As always, Helen Mirren is a marvel. Although I would argue that The Last Station was her best role, her Academy Award for The Queen was well deserved. Her performance was a master-class in restraint and subtlety. Even the way the film shot her showed a sort of dignified elegance that is part and parcel with her character. When the Queen goes off on her own on the Balmoral estate in Scotland, she finally has an emotional response to the death of Princess Diana (though it may be as much about the negative reaction to her lack of a response to Di’s death as any sadness about Di’s passing). And with small movements of the body, Mirren is able to communicate leagues of information. That she is able to do this while being shot almost entirely from behind is the true marvel, and the film is full of quiet moments like that (such as when a child gives the Queen flowers at Buckingham Palace) that achieve more than any loud, in-your-face scene could hope to accomplish.
Michael Sheen was nearly as good. In fact, he was so convincing as Tony Blair that he would ultimately play the beleaguered Labour leader two more times. Tony Blair was a modern man (with an anti-Monarchist wife) thrust into an archaic world of being constitutionally obliged (insofar as England has anything that you could call a constitution which is up for serious debate) to let the Queen ask him to form a Parliament even though he was democratically elected by the people. He has to toe the line of giving the people what they want in regards to a remembrance for Princess Di without feeling as if he’s stepping on the toes of the royal family, for whom he gains a grudging respect (particularly Queen Elizabeth II). Michael Sheen encapsulates the charm and charisma which got Blair elected in the first place as well as the sense of him being a man torn apart by a million different demands.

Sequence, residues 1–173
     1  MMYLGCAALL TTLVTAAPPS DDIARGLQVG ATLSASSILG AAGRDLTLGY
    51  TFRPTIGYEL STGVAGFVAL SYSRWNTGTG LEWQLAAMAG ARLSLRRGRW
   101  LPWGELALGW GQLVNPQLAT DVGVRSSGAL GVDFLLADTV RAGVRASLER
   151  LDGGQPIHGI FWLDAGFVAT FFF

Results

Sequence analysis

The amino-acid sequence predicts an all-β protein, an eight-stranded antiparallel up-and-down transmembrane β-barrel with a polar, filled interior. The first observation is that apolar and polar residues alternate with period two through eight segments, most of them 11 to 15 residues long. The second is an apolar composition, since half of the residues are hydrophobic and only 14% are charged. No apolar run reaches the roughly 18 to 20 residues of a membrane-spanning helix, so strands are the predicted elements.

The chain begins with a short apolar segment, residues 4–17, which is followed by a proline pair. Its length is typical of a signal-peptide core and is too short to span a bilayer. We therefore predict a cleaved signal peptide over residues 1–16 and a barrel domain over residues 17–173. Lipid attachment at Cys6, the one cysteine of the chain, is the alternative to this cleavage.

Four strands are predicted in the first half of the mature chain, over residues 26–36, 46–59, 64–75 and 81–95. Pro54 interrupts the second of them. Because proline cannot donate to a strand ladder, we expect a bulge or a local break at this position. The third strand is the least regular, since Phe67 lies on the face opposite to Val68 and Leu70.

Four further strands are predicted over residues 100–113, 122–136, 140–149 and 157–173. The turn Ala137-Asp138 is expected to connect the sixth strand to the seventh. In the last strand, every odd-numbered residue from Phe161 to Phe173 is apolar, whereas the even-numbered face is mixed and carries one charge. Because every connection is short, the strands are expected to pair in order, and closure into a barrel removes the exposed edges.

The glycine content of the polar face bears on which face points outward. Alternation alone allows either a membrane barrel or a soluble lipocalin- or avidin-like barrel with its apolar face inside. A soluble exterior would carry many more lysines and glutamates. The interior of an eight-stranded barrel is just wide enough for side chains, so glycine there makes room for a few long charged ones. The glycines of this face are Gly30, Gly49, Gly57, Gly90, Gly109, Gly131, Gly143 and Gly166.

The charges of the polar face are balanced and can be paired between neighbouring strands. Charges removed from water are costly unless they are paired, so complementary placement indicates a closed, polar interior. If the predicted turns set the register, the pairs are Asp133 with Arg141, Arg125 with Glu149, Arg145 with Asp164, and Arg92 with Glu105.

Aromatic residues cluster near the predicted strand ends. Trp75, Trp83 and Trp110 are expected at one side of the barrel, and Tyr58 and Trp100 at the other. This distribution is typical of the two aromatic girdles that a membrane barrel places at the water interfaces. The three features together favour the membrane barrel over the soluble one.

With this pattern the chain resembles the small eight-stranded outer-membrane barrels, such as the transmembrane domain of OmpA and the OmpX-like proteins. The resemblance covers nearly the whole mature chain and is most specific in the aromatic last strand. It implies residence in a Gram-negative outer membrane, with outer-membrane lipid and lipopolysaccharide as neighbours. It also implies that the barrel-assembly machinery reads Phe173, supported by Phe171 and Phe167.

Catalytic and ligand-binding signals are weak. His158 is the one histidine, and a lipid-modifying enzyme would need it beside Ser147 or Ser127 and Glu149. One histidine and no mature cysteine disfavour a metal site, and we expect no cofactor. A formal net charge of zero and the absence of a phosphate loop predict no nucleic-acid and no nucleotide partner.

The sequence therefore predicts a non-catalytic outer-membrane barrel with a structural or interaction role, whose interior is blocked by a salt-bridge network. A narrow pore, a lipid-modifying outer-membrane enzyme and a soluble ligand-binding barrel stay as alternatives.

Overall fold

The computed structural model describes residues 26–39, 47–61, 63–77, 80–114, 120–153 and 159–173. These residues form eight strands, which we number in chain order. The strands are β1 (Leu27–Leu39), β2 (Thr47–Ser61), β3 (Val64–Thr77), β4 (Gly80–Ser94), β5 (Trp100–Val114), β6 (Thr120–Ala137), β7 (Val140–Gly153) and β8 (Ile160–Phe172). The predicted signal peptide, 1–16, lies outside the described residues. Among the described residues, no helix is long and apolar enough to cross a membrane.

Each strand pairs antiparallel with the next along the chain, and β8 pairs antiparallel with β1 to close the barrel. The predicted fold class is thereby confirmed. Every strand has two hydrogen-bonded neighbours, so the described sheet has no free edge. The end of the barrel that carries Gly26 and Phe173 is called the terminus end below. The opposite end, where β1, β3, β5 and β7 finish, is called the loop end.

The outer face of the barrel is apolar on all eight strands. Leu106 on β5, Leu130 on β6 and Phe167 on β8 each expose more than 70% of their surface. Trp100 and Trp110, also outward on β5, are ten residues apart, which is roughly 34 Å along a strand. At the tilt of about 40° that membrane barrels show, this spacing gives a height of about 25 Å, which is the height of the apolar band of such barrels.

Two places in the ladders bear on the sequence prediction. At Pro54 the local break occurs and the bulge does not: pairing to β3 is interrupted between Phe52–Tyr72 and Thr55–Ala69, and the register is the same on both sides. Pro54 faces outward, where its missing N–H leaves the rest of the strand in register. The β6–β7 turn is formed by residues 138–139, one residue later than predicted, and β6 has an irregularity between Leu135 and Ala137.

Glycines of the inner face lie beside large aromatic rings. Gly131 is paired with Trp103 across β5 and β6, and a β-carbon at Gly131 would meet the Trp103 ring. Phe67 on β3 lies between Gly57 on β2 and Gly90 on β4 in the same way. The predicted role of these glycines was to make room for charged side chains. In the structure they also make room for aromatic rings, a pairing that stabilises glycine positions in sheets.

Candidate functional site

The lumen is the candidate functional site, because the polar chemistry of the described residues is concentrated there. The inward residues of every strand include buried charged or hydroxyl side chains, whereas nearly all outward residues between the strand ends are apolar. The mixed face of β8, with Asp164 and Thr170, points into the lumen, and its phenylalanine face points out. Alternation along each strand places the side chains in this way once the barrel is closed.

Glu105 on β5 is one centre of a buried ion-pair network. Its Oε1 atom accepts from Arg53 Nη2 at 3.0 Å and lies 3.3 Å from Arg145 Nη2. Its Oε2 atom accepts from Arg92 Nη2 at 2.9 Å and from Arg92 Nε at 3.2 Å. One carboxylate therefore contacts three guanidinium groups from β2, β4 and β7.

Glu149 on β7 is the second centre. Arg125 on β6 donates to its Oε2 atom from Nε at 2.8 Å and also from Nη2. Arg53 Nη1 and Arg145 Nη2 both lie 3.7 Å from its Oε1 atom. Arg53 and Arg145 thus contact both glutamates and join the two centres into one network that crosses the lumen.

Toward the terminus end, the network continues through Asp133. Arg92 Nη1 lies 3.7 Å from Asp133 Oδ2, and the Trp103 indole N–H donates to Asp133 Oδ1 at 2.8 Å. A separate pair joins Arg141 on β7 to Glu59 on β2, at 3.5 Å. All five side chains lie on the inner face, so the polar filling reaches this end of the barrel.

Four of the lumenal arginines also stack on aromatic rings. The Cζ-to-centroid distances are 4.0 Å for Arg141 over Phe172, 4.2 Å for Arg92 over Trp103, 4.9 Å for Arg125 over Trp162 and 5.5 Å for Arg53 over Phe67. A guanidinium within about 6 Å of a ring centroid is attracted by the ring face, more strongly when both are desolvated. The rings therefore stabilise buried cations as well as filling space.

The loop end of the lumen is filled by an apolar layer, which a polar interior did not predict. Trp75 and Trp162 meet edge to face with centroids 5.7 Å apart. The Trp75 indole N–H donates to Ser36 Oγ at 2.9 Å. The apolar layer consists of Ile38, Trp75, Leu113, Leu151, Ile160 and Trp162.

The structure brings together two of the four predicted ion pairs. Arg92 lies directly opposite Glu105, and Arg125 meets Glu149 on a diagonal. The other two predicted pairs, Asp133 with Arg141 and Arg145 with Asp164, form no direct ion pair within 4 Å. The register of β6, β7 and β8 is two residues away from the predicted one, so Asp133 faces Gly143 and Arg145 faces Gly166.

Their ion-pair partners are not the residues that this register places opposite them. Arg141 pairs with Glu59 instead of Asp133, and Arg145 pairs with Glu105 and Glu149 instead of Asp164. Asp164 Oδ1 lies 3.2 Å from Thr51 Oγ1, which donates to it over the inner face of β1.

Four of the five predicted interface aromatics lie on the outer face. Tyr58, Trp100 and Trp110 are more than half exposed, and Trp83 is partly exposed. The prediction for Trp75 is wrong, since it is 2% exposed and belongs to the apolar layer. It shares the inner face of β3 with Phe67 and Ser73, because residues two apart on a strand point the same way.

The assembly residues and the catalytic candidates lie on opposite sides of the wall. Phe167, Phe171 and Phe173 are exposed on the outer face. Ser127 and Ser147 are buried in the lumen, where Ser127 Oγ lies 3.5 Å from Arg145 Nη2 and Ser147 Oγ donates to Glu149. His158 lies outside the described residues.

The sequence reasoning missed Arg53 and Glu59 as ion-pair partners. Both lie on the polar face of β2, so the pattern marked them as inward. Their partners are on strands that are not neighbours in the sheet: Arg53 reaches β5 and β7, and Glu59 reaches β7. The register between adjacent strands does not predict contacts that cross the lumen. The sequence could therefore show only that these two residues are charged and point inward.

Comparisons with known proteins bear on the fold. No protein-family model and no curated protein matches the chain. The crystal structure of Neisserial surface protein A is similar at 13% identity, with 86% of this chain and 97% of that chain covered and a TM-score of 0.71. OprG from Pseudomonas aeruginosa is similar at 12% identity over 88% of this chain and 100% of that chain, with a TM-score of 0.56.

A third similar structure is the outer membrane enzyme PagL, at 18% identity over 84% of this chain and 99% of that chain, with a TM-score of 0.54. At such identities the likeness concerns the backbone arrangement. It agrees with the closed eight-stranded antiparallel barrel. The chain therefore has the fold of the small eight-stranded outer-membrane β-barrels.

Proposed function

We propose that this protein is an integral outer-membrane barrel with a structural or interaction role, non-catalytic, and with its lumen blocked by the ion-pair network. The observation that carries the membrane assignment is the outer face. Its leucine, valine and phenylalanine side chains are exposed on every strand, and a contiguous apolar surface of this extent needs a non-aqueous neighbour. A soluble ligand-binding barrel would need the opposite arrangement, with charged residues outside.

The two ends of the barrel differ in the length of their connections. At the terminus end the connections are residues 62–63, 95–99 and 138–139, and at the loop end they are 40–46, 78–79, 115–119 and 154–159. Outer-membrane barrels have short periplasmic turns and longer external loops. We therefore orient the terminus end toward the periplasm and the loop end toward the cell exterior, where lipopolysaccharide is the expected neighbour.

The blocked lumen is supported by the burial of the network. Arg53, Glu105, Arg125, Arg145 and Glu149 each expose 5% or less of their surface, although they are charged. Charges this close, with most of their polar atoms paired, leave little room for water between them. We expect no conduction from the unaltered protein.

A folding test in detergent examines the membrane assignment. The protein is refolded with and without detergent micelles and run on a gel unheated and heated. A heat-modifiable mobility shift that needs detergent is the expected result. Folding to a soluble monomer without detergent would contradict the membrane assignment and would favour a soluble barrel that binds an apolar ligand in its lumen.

The film could be a little plodding at times, and if you’re an America, it may be difficult to grasp what the big deal about the monarchy is in the first place. I’ve always said that if I were born into the monarchy as the heir apparent, I would disband it upon ascending to the throne and sell all of the properties and give the proceeds to charity. Because the actions of the royal family seem so archaic and so out of touch with the modern world, it can be difficult to sympathize with certain characters (particularly Prince Philip, the Queen’s husband), but Stephen Frears and screenwriter Peter Morgan never fail to humanize these characters without letting the audience forget they come from a different world. For all anglophiles, The Queen is required viewing especially for those who appreciate Helen Mirren’s talents as one of the finest actresses of her age.
Final Score: B+